In the watchtower: The Pathway take up its position
Don HinklePathway Editor
July 10, 2002
In the first issue of The Pathway ever published I wrote a story about the creation of the Missouri Baptist Convention’s new official newsjournal. In that story I referred to the strained relationship that has existed between Southern Baptists and the denominational press, in particular the state newspapers.
I described that relationship as "one of the most bizarre in the history of Christian journalism." My description is based on the fact that a large majority of Southern Baptists are theologically conservative, which leads them to often be politically and socially conservative. Though often careful not to raise the hackles of their conservative brethren, too many Southern Baptist state newspaper journalists in the past 40 years have often taken a more liberal view of reality. I find it astonishing that Southern Baptists would spend money on a state newspaper that would even consider debating something like "open theism." Such is the slippery slope that is littered with the neo-orthodoxy of liberals like Ralph Elliott, the Midwestern Seminary professor, whose 1963 book, The Message of Genesis, launched the conservative resurgence in the SBC. As you may recall, Elliott declared the stories of Adam and Eve, Cain and Able, Noah and the flood, the Tower of Babel and some events in the life of Abraham to be non-historical and error-prone. See now how one can raise the neo-orthodox view of "open theism?"
I suppose I should temper my criticism by acknowledging that heresy prompts the church to reaffirm its traditional, orthodox beliefs, but I digress.
I can only theorize as to how and why the denominational press became so moderate/liberal/progressive (it’s interesting to note that the smug term "progressive" was formerly used by Marxist ideologues in early 20th century America), but I would suspect there are two reasons:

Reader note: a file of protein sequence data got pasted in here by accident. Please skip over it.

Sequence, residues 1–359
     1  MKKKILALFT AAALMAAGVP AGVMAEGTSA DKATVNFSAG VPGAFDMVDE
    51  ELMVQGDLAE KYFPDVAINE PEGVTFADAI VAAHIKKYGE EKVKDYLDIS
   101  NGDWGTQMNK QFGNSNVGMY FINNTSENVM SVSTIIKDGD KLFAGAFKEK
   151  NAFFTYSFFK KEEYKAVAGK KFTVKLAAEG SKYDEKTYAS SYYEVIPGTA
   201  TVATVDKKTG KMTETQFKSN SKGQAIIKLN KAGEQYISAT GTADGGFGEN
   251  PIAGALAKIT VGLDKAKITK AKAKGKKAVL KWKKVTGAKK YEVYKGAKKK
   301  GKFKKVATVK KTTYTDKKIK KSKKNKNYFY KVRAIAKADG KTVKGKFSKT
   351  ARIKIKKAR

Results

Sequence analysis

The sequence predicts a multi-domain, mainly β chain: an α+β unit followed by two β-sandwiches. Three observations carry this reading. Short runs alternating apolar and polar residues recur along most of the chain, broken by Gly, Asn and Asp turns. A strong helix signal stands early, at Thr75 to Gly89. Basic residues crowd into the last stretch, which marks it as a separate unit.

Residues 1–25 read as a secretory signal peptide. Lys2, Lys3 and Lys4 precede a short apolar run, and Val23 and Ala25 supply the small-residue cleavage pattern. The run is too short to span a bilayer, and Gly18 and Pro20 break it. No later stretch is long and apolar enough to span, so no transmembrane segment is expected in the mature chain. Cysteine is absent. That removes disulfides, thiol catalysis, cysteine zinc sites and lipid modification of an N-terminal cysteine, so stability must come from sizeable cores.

First, university journalism schools have been a breeding ground for liberal ideologues since their inception. Accusations of liberal bias in much of the news media were dismissed for nearly all of the 20th century, but have gained traction in the new millennium thanks to numerous surveys, studies and books, like Bernard Goldberg’s most recent blockbuster, Bias: A CBS Insider Exposes How the Media Distort the News. The mounting evidence suggests that the liberal ideologues controlling university journalism schools have succeeded in indoctrinating students who ultimately come to reject conservative/orthodox theology, philosophy and politics. At least now they’ve been caught with their hand in the cookie jar.
Second, the state newspapers found themselves controlled by moderate/liberal trustees, just like most SBC agencies in the 1960s and just like the five renegade Missouri Baptist Convention entities that no longer want Missouri Baptists to hold them accountable. If the editors and reporters were not liberal – and not all were — then they certainly played the part, becoming accomplices to the neo-orthodoxy embraced by too many in the SBC. If indeed they were truly a "free press" and operated "independently" like their protégés so often crow about these days, then why didn’t more of them scream bloody murder and resign as one’s integrity demands in such a situation?